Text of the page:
Thursday, January 19, 2006

Real, and Reel, Life in 'Hell's Kitchen'

Would you quietly accept a sentence of 20 to 40 years in state prison for an armed robbery committed by your brother?

"Fuh-ged-about-it," I can hear my fellow New Yorkers say.

But Tommy Irwin, one of my late grandmother's first cousins apparently did, and served at least several years before his brother John alerted authorities that he, not Tom, was the perpetrator. Why did John, a longshoreman with the nickname "Yerkie," hesitate? Why did Tom remain silent? Was Tom truly innocent? What was the cost of their silence to themselves, their wives and three young children.

Before Tom's 1927 arrest, according to a July 30, 1931 article in The New York Times, the two married brothers shared a cold-water flat at 511 West 43rd Street, in Manhattan's once hardscrabble, largely Irish neighborhood known as "Hell's Kitchen."

I thought of this affair, as I do from time to time, as my Dad and I recently screened the DVD version of Michael Curtiz' drama "Angels With Dirty Faces," featuring James Cagney and Pat O'Brien as "Rocky" Sullivan and Jerry Connolly, two once close friends who, like Tommy and John Irwin, grew up in "Hell's Kitchen" nearly 100 years ago. After dabbling in petty crimes such as stealing coal, young Rocky and Jerry, at Rocky's prompting, tried a more profitable racket, stealing fountain pens from a locked boxcar in a local rail yard.

Interrupted by two cops, the teens fled. Jerry made it over a fence that stopped Rocky. A patrolman pulled Sullivan down. A short while later, Jerry visited Rocky in the lockup, and told his pal he wanted to surrender in the crime, suggesting things might go easier for Rocky if his accomplice stepped forward. Rocky told his chum, though, not to be "a sucker" and just walk away, that Rocky would do the same thing if the situation was reversed.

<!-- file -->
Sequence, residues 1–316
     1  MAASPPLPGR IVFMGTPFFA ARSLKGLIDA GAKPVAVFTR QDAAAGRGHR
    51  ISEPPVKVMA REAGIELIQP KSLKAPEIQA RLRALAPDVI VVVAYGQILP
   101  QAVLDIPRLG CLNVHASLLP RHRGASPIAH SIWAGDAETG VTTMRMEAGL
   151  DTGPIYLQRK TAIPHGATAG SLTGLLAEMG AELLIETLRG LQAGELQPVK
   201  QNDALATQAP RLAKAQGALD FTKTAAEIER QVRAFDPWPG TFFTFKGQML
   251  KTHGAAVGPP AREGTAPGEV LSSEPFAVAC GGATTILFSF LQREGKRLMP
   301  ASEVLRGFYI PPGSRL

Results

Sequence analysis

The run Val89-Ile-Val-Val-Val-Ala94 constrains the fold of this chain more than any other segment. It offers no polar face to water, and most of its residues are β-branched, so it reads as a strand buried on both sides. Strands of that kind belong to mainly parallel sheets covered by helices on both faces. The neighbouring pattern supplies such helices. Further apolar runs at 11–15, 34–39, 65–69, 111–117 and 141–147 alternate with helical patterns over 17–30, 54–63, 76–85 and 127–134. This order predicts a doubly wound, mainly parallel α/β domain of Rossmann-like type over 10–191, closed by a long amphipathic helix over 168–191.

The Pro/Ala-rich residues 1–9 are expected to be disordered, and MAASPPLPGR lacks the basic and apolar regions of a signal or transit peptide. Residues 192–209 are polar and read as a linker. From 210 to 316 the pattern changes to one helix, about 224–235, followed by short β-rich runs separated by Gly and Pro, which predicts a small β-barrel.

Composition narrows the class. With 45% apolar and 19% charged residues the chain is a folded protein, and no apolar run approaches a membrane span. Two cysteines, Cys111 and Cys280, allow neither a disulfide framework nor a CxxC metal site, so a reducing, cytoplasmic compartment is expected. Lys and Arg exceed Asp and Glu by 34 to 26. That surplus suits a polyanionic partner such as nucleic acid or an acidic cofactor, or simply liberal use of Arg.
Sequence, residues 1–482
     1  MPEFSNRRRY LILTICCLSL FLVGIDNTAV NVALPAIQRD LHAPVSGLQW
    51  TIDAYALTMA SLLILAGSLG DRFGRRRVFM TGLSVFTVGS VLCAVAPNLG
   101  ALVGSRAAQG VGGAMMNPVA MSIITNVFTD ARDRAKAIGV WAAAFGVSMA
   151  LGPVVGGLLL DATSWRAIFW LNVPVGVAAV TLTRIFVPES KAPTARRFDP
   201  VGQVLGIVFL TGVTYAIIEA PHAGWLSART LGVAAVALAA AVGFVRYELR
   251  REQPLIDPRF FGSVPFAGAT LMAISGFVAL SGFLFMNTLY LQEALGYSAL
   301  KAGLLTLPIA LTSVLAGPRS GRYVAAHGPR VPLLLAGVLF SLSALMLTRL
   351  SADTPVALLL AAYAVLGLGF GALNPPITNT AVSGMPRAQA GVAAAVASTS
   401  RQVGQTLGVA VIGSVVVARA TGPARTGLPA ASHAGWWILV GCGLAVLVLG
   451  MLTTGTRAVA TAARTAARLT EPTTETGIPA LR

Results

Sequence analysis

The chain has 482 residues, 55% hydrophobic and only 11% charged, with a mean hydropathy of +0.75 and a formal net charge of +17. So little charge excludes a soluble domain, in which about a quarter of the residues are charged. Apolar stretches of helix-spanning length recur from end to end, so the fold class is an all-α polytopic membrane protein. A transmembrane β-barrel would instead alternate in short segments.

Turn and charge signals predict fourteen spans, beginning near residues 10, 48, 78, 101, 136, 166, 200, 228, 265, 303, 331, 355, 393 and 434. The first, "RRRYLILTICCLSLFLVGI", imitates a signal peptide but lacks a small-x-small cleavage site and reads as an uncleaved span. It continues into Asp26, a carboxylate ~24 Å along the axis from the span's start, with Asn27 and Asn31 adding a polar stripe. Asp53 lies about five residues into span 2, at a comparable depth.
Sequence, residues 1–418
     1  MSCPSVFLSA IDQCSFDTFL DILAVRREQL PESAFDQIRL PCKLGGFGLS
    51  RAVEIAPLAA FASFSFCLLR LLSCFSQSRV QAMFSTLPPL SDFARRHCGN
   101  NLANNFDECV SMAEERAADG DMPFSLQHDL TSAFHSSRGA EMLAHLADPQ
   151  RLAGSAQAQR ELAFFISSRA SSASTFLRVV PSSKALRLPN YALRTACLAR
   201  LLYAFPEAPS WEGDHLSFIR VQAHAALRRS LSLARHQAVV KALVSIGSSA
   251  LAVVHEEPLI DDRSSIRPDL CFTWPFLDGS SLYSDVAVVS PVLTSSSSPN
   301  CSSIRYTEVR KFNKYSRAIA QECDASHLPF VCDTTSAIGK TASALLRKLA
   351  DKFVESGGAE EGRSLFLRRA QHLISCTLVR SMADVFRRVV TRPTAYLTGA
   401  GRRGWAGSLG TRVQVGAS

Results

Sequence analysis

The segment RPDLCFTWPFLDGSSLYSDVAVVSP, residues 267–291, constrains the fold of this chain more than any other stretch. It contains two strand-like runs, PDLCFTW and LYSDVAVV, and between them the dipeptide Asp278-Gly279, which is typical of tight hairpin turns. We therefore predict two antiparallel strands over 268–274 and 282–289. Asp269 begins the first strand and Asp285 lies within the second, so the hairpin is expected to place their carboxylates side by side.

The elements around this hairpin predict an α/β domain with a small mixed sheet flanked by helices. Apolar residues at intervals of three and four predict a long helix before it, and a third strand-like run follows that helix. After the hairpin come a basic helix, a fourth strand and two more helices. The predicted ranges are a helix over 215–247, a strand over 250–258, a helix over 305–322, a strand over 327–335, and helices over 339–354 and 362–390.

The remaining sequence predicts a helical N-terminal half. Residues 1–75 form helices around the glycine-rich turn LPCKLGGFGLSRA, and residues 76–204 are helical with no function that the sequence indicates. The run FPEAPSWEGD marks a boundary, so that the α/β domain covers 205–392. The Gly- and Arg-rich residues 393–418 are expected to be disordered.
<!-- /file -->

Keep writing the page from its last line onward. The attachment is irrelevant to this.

After serving a stint in reform school, Rocky embarked on a life of easy money, serving a 3-year term in prison -- the cost of doing "business" -- while entrusting his profits to his lawyer and partner-in-crime Jim Frazier (Humphrey Bogart). Upon release, Rocky returns to his old neighborhood, as he muscles his way back into Prohibition's speakeasy scene. In the process, he becomes a dubious role model for a local gang of impressionable kids, portrayed by the irrepressible Dead End Kids. These kids have taken over the hideout of the preceding generation of local toughs, which included Rocky and Jerry. As Rocky grew hardened in various penal settings, his friend Jerry joined the priesthood and now serves the local parish as pastor and counselor for the local kids, striving to save them from the kind of life epitomized by Sullivan's. We'll have more to say on the film, and its many Irish facets, in future postings.

In 1931, meanwhile, in real life (as distinct from reel life), in a court room in White Plains, N.Y., John Irwin stood in front of a judge and asked that he replace his brother Tom in the stir, confessing that it was he, and not his older brother, who committed the hold-up that garnered his brother a 20-40-year sentence in New York's Sing Sing Prison. The Times article headlined the story: "Brother Pleads Guilt to Free Jailed 'Twin'." The newspaper reported that State Supreme Court Justice Graham Witschief noted he had no jurisdiction to act on John's request that his brother go free, but urged Tom's lawyer, Moses W. Sachs, to move to set aside Tom's conviction on the basis of newly discovered evidence.

The Irwin brothers were grandchildren of Irish immigrants Bill and Margaret Dinnin Irwin, as was my grandmother, Susan Condon Regan, seen left, about 1920. My father related to me what he knew of their story decades earlier. His father, Raymond V. Regan, had brought my Dad, then a boy, to a wake in Hell's Kitchen for an Irwin relative. My father recalled seeing a man, in shackles and an ill-fitting suit, with a burly detective on each arm, brought in to pay his respects. Inquiring, my Dad was told the man was Tommy Irwin. My Dad thought he later overheard snippets of conversation between the adults in their modest Richmond Hill home that Tommy was serving a sentence for a "rape," though his brother John had done the crime. The extended family, including my grandparents, were not pleased at Yerkie's apparent reticence to free his brother.